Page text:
Meredith Stapleton...larger than life

  • Friday, April 25, 2014

  • Updated Tuesday, April 29, 2014 4:23 pm

Meredith Stapleton was inducted into the University of South Carolina-Aiken Hall of Fame in 2012.


At 26, she lived only 33 percent of an average American’s lifespan though she was by no means average.

In those few years she brilliantly discovered how to pack more love, more life, more achievement; more record-breaking statistics, more influence and more inspiration than most of us do over the course of an entire lifetime.

Larger than life

Meredith E. Stapleton was born March 4, 1987. She died 26 years later on February 24, 2014, but her list of academic, athletic and professional accomplishments along with her faith eclipsed the pain with which she battled the disease that took her life.

Numerous poignant tributes to Meredith, her convincing faith, and her fierce battle against the cancer she fought have been written.

Frankly, it is difficult to find words that have not yet been used to describe this extraordinary person who has been called “larger than life” by a family friend.

Meredith became a star early in her life. After an exceptional North Carolina high school basketball career, she was the first inductee into the Hopewell High School Athletic Hall of Fame. In 2005, her senior year, Meredith was chosen as Miss Hopewell.

Her successes on the court lead her to the University of South Carolina-Aiken on a scholarship where she played at a level never before seen.

Meredith holds many records including all-time leader in scoring, free throw percentage, three-point field goal percentage and most consecutive free throws made.

In 2009, she established the record of the most three-pointers in one game (10) and was ranked third nationally in three-point field goal percentage.

She was inducted in USC-Aiken Athletic Hall of Fame in 2012. Her college coach, Mike Brandt, was overwhelmed with word of her death. “She carried her competitiveness, fight, strong will and attitude right off the court and onto the battlefield as she competed with cancer,” he said.

Not long after her last successful season on the basketball court, Meredith was diagnosed with uveal melanoma, or melanoma of the eye, an aggressive, rare form of cancer of which there is no known cure. Uveal (ocular) melanoma (or OM) is similar to melanoma of the skin but because so little is known it has earned the label of “silent killer.”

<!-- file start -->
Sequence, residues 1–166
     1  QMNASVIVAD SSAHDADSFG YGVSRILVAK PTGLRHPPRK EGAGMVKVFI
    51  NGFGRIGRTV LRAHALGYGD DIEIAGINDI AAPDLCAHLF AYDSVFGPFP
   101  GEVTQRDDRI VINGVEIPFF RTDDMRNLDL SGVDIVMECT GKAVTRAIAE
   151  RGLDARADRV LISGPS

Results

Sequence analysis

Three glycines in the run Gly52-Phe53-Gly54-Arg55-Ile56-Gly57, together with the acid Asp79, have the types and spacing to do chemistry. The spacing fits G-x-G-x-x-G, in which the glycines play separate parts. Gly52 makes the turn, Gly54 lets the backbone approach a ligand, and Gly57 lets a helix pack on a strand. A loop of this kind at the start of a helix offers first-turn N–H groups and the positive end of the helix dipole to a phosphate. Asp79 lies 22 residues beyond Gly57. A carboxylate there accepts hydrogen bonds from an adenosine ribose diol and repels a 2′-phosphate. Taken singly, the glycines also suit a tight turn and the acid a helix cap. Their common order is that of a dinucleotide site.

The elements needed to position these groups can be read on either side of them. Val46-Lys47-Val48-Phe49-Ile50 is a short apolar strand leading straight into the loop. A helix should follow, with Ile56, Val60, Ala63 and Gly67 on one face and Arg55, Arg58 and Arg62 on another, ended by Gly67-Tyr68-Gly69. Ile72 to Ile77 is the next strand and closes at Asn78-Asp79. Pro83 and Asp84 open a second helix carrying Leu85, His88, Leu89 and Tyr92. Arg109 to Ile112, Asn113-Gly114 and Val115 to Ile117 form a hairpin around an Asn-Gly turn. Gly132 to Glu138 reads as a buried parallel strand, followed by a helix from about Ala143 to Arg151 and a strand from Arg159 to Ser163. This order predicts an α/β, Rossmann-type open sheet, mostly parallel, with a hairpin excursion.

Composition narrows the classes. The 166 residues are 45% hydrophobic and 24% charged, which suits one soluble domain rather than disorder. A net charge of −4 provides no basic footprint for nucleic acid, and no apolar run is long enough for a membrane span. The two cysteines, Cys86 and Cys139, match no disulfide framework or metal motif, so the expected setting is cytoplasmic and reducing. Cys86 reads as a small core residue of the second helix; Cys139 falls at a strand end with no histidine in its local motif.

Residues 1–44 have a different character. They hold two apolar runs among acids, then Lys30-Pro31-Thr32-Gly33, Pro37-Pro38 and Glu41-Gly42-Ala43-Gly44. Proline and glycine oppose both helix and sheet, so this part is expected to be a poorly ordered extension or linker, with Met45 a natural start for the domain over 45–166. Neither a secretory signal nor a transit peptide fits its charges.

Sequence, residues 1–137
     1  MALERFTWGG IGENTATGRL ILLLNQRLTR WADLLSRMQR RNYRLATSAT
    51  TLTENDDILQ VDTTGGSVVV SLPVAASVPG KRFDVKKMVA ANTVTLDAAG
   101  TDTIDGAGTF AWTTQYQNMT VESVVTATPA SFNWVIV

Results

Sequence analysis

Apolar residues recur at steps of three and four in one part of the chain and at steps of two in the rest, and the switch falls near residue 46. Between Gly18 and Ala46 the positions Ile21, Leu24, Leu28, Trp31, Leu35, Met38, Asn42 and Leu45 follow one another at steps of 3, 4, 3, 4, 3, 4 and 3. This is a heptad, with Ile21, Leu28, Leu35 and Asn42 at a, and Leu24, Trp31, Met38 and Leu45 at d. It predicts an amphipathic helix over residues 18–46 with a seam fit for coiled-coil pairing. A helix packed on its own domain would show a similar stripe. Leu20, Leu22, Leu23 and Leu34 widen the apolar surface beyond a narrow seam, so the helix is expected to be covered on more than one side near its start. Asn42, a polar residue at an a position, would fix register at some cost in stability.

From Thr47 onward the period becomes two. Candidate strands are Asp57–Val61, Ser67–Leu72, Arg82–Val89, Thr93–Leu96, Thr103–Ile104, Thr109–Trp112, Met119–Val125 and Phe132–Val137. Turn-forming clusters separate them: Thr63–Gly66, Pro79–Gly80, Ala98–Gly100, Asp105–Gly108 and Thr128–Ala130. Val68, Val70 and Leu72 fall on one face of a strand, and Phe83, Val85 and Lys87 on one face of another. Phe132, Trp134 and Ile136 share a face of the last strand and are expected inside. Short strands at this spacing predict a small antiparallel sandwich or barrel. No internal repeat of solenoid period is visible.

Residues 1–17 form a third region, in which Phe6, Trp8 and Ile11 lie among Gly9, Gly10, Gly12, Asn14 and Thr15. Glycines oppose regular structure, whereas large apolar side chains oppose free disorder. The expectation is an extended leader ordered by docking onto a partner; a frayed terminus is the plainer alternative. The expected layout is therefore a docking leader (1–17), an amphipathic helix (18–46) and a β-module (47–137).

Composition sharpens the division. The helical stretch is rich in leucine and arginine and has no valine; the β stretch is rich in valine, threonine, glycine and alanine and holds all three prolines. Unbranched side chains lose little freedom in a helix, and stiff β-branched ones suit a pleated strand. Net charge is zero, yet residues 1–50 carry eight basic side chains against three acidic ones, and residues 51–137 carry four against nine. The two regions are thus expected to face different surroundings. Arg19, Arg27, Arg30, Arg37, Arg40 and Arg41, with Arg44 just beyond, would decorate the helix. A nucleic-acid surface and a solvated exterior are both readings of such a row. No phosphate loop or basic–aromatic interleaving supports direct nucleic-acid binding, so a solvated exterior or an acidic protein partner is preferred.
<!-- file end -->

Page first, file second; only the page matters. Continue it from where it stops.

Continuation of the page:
At 22, with so very much already achieved and so much more to attain, Meredith was faced with the stark reality of a life-altering cancer diagnosis with a mortality rate of 50 percent. The tumor was removed from her eye only to metastasize to her liver a year later.

With her faith, however, came enormous courage. In true form, with her dedicated family and thousands of spectators cheering her on, Meredith stepped up to the line, took a dip breath, and then took her very best shot.

And succeeded in deeply touching everyone who ever knew her.

‘I just love every minute of every day!’

Like she had so many times before, she fought the battle against the disease like a true competitor. Her achievements in bringing awareness to Ocular Melanoma and promoting research made news. Big news.

During national coverage of the Duke-North Carolina game in early March, one week after Meredith’s death, ESPN Commentator Dick Vitale spoke of her smile, her courage and her inspiration, saying, “I was so touched by her. What a smile she had, what a smile, it was unbelievable!”

Meredith made her television debut last year on the TLC’s “Say Yes to the Dress-Atlanta”. The show featured her search for her dream wedding dress. It also included clips from her October, 2013 wedding to her dedicated husband, Christopher Stapleton.

When asked about her cancer treatments during an interview with The Augusta Chronicle before the airing of the show, Meredith responded, “It’s crazy to say how blessed I am to have celebrated turning 26 in this battle. It’s hard to believe it’s been four years since I heard the words, ‘You have cancer,’” she said. “I am doing great. I love every minute of every day!”

Meredith stared along with other young people affected by melanoma in the making of a documentary called “Dear 16-year-old me,” filmed to help create awareness of the dangers of melanoma.

She established the Meredith Legg Cancer Fund to support research for a cure.

She became an inspirational and motivational speaker reaching out to hundreds of young people, sharing her faith and raising melanoma awareness.

She became the head girls’ basketball coach at Mead Hall Episcopal School in Aiken, leading the team to its first winning season, followed by two consecutive championship seasons.

She also was the founder, president and head coach of the Aiken Elite AAU girls’ basketball program.

She received a hero’s welcome at the Dean E. Smith Center for the regular season Duke-UNC game less than a week before she died. Among those who greeted her were former UNC players Phil Ford and Eric Montross and ESPN commentators Jay Bilas and Vitale.

After being admitted to hospice care, Meredith traveled to unveil a mural bearing her likeness at USC-Aiken during a biannual Hall of Fame dinner.

The accomplishments this young woman achieved while fighting for her life indeed made her larger than life.

All this before her 27th birthday.

What will you accomplish if you hear the words “You have cancer”?

May is National Melanoma Cancer Awareness Month. Uveal melanoma often does not cause symptoms. If you do have symptoms, they may include a dark spot on the iris, blurred vision, eye pain or eye redness. Many cases are found by routine eye exam. For more information on OM, visit

The documentary “Dear 16-year-old me” can be seen at:


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